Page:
Wednesday, October 21, 2015

What makes people go to a disaster?

It's been six months since the disaster in Nepal when the earthquakes hit. The team at Care Australia were already working in Nepal but had to provide substantial emergency assistance to care for the hundreds of thousands of people who were all of a sudden without a home. Or a school, or a workplace. Or shops to buy food...

But what is it that makes someone pack up their comfortable Australian lifestyle to go and live in an area where disease and harm could come their way? These are one of the things I think of when I see the helpers on the news stories. How does one find themselves there? 

Lucky for me I was able to just ask one of the CARE Team, which is exactly what I did. 

Dee works for CARE and was in Nepal to help, so I sent her a few questions.

How is it that you find yourself in Nepal? 

As an international NGO, CARE has a presence in many countries around the world so during an emergency the CARE family really works together to support each other to make sure that we’re reaching people affected by the disaster as quickly as possible. There are people with different sets of skills throughout the global CARE network and in an emergency such as the Nepal earthquake, we bring those people together to provide some additional support. We have a great emergency HR coordinator who sits with CARE International who has been working closely with CARE Nepal since the earthquake to bring these people together. So depending on who is needed, she’ll go out to the wider CARE network to ask whether they can be seconded for the emergency response. It really is a global response – we might come from CARE Australia, CARE Myanmar, CARE Afghanistan, CARE Canada, CARE Philippines, CARE USA (and that’s just to name a few).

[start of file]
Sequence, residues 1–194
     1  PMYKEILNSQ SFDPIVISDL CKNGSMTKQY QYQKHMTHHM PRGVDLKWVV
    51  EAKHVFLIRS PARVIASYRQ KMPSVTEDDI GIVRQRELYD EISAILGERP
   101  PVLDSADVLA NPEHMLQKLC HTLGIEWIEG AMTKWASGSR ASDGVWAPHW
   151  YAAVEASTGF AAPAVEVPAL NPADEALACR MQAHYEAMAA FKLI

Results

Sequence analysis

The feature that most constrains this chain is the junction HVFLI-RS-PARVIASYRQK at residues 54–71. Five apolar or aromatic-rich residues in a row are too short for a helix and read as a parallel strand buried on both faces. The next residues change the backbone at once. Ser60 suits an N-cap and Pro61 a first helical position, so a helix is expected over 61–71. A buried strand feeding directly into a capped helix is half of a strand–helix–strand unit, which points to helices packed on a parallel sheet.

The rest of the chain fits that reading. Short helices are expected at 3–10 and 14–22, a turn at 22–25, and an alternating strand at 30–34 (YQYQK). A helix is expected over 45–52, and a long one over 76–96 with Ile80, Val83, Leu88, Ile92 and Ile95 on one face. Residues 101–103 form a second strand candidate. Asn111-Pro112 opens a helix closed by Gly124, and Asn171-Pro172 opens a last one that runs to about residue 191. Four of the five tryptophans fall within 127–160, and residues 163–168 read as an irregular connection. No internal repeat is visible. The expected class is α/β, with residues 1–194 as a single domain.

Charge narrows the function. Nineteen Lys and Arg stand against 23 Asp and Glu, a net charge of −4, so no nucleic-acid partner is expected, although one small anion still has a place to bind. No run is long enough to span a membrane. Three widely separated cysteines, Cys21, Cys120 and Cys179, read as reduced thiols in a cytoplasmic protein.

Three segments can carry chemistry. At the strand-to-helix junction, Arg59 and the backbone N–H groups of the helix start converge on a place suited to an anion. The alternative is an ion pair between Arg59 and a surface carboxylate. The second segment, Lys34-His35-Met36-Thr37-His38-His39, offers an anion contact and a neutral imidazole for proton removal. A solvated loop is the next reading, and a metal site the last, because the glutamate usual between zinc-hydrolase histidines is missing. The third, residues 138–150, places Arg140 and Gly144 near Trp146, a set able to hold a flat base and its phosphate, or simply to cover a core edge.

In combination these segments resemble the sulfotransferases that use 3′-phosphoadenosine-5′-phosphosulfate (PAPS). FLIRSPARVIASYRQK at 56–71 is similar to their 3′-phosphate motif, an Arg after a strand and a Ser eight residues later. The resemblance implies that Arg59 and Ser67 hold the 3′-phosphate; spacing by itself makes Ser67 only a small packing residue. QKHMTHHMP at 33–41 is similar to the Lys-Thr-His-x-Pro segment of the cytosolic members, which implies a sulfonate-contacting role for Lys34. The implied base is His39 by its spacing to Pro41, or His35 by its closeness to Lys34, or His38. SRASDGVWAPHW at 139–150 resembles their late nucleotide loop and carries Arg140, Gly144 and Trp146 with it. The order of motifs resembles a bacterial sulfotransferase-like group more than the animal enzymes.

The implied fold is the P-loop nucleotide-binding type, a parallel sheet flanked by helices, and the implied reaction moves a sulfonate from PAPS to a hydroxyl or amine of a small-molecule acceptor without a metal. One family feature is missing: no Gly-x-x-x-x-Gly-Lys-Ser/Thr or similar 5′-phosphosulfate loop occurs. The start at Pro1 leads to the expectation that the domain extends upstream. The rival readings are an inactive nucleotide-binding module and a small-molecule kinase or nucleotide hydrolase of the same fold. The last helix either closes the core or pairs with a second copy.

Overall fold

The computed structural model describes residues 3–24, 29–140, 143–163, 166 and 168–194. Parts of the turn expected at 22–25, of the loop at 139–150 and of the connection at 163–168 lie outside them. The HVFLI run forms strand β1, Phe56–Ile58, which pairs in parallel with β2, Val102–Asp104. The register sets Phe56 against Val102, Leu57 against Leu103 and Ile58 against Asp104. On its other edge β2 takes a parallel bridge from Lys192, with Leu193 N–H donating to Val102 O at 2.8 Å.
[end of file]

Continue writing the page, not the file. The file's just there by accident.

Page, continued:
Can you explain what a typical day in Nepal is like for you at the moment, what activities occupy your time?

Haha! I wouldn’t say there has been a typical day. Every day is new and different. I guess most recently, I was able to go out with our WASH team in Sindupalchowk (a district in Nepal) where we’ve been working with local partners to provide water, sanitation and hygiene and also emergency shelter. When I went out with the WASH team, we were able to talk to people in the community to see how they were feeling about the emergency toilets that were recently built and how people were going with that construction. It was a really interesting day and you know the Nepalese people are a really resilient people so I was just really inspired to see their smiles and their strength. We met with one older lady who was at home while her family were out farming and she said that if her family weren’t out at work, she would have loved to have offered us lunch. That was a great day because people are still so generous and thoughtful.

Is it difficult to leave at the end of your scheduled time there? 

Yea definitely! Of course!

What is your favourite thing about working with CARE

Well many things, I think I work with a really great team both in CARE Australia but also the team in Nepal and these guys are really passionate about what we do, you know? I love that! I guess one of my favourite things is our commitment to gender equality and women’s empowerment. A disaster really impacts men, women, girls and boys very differently – this brings about different needs. So when we go in to an emergency response, we work with communities and local partners and local NGOs to address those different needs and we try to bring all those different voices to the table.